When Papale showed up to work out with the Eagles on that fateful day, he felt he had nothing to lose. “I was thinking, ‘there’s no reason why I can’t be out here,’” remembers Papale. “All I wanted was one chance to prove myself against the best and they gave me that.”
Papale made the most of his shot at the try-out, running a 4.5 second forty-yard dash and demonstrating strong catching skills. “Vince looked like an athlete and he had the ability to run fast and gracefully and catch the football,” remembers Vermeil. “He was by far the most impressive. For never having played football, he knew how the game was played, he liked the intensity of the game and he was passionate about it. He was an infectious sort of guy and very genuine.” So it was that Vermeil took another risk and invited Papale to come to camp and eventually join the Eagles as a wide receiver and special teams player.
It was a decision that paid off on numerous levels. “The fans got very involved with him,” Vermeil adds. “The city really wanted to see Vince play and succeed. When he did something really well, he got a better ovation than anyone.”
But the transition wasn’t easy for Papale, especially with regard to the men who would ultimately become his teammates. “They hated him in the beginning,” says Constantino. “He was threatening the roster spot of the wide receiver ahead of him, and it was tough for him, because he was taking away the spot of a guy that the team revered and loved.”
Yet nothing would deter the unstoppable Papale. Ultimately, Papale’s rock-solid determination won over his teammates just as it had his coach. In the team’s home opener at Veterans Stadium, Papale stepped up his game another exciting notch. “I kicked some serious butt out there in that game,” he laughs. “Up till then, everybody thought I was a publicity stunt. But after that game and one of the big hits I made at the end of the game, I got invited to my first team party. That’s when I knew I really belonged.”
Papale continued to play well for the Eagles throughout the season. Even after he retired from football in 1979 Papale continued to be an inspiration with his incredible passion for life and unassailably positive attitude. He has worked as a counselor for families with the student loan program Sallie Mae and, most recently, his courage was tested in a battle with colorectal cancer. He has since become a sought after national spokesperson who raises vital awareness about cancer prevention.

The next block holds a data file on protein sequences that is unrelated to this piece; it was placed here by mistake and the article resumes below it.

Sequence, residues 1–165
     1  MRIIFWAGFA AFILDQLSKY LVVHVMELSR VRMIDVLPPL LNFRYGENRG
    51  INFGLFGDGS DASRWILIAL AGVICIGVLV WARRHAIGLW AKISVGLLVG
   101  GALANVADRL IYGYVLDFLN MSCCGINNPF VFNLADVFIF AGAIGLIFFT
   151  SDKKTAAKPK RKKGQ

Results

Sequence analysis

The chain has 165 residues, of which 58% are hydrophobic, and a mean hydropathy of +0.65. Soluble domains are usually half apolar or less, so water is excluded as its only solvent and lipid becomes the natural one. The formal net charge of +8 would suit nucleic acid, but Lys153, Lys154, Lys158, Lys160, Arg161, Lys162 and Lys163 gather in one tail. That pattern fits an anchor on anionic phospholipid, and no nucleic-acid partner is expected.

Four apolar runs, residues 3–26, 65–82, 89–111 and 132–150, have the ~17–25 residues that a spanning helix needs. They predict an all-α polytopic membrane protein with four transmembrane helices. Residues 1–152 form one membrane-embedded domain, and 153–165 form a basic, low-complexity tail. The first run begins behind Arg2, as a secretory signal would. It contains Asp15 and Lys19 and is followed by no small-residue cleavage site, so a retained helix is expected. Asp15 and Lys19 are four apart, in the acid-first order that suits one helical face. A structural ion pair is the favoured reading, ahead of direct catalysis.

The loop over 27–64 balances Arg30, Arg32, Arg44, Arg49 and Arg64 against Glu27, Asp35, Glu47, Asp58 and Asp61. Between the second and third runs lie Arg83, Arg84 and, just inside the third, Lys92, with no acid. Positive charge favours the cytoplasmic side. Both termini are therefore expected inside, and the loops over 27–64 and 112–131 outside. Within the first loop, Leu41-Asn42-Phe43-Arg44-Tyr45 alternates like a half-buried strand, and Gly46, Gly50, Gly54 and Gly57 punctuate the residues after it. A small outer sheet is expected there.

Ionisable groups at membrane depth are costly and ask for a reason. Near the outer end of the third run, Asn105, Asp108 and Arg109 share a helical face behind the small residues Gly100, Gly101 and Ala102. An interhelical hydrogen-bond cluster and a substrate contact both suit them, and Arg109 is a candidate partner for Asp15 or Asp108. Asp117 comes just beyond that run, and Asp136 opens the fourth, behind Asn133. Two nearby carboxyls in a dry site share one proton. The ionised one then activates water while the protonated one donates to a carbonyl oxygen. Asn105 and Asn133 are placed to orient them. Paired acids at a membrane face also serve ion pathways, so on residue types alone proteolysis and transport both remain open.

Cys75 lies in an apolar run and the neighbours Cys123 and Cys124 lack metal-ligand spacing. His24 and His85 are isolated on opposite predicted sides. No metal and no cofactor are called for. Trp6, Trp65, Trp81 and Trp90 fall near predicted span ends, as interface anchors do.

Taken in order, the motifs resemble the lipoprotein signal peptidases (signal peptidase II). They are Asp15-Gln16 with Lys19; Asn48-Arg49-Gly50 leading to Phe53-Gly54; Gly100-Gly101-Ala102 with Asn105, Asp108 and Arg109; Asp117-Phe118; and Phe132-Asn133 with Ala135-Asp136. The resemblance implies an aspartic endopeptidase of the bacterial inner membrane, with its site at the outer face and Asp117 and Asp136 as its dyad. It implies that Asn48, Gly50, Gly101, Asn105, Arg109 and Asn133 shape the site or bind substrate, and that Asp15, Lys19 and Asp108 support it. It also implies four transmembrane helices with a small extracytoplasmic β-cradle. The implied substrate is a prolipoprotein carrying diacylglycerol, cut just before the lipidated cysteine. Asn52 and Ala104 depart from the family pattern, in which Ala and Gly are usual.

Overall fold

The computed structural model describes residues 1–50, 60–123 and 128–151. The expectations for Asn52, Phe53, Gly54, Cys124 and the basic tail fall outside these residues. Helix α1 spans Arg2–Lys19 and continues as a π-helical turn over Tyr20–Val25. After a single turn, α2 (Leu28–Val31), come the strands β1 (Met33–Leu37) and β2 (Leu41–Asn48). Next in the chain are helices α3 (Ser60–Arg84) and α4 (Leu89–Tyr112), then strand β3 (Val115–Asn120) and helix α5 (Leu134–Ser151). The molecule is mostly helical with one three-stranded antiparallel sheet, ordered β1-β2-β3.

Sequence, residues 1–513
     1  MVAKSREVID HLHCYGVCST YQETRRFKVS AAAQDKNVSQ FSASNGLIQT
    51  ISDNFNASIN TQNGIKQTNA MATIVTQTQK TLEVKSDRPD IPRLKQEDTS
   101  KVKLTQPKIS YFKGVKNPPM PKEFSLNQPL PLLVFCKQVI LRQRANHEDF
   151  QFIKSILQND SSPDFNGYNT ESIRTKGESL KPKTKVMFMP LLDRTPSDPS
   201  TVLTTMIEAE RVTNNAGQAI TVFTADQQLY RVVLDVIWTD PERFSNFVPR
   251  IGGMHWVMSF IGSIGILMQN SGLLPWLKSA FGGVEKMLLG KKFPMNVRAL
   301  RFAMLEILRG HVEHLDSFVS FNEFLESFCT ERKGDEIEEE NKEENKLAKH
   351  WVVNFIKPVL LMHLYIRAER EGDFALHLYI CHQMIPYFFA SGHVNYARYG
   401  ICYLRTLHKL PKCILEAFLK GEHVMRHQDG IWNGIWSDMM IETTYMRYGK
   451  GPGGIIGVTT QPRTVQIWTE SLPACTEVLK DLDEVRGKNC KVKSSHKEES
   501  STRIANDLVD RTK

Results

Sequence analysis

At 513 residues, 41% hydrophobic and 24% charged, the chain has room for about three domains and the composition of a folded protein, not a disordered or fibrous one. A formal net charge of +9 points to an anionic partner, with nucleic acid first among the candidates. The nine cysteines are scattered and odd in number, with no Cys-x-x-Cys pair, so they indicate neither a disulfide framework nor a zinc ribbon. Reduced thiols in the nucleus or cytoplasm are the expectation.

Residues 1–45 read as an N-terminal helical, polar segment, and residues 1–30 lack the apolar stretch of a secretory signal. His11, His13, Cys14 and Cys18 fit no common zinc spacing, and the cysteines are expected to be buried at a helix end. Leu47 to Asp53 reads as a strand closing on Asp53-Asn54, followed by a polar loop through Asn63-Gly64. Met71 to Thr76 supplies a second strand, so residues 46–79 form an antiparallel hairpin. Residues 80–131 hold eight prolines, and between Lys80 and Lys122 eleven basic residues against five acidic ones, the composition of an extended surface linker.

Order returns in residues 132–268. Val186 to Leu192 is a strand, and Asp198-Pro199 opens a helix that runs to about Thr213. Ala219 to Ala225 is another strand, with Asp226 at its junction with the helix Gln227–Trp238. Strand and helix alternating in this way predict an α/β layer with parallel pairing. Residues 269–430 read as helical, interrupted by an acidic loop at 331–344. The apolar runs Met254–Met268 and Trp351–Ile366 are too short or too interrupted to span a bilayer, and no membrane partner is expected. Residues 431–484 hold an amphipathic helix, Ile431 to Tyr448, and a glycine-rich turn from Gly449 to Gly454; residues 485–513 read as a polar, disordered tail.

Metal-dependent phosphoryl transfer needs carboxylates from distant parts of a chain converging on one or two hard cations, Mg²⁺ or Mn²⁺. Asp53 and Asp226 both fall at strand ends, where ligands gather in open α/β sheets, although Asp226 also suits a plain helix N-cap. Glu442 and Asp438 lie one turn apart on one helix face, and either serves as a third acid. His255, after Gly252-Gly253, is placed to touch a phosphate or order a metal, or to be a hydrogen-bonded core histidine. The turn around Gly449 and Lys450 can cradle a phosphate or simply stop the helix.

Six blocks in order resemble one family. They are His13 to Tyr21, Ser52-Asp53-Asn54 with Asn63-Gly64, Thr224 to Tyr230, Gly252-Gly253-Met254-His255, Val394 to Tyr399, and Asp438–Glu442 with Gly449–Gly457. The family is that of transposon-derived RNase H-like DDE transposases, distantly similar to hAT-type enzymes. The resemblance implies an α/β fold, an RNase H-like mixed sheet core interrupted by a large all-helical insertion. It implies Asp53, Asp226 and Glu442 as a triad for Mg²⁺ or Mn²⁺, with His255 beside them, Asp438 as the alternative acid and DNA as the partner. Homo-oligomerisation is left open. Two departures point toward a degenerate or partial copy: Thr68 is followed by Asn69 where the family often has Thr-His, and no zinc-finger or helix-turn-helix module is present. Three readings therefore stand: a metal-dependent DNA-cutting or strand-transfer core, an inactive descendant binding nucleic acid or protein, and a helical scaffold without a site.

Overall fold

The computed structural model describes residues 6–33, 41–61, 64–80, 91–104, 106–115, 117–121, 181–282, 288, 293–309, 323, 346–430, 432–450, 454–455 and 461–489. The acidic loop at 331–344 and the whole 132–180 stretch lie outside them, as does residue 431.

After going through so much, Papale sees INVINCIBLE as being about much more than just one man’s exciting ride in the NFL – he sees it as being about an attitude. Says Papale: “I think this movie is not so much about me or my experiences, it’s about anybody out there who faces adversity, who is up against the toughest of odds, and decides to make their dreams come true anyway.”
A ROOKIE WITH AN INCREDIBLE DREAM:
MARK WAHLBERG IS VINCE PAPALE
When Mark Ciardi and Gordon Gray read the screenplay for INVINCIBLE, they knew that casting would be absolutely key to bringing the character of Vince Papale to life. They also knew they would need a leading man with a definitive mix of qualities – an actor with a down-to-earth, Ordinary Joe type of persona but also with authentic athletic prowess and the drive of a man who refuses to quit. “We thought of Mark Wahlberg immediately while reading the script,” recalls Gray. “It was one of the film’s easiest decisions because he’s not only a great athlete who can throw his body around and take hits, but he encompassed Vince at every level – not just physically but emotionally. Mark worked so hard and really kind of channeled everything that Vince went through to accomplish what he did.”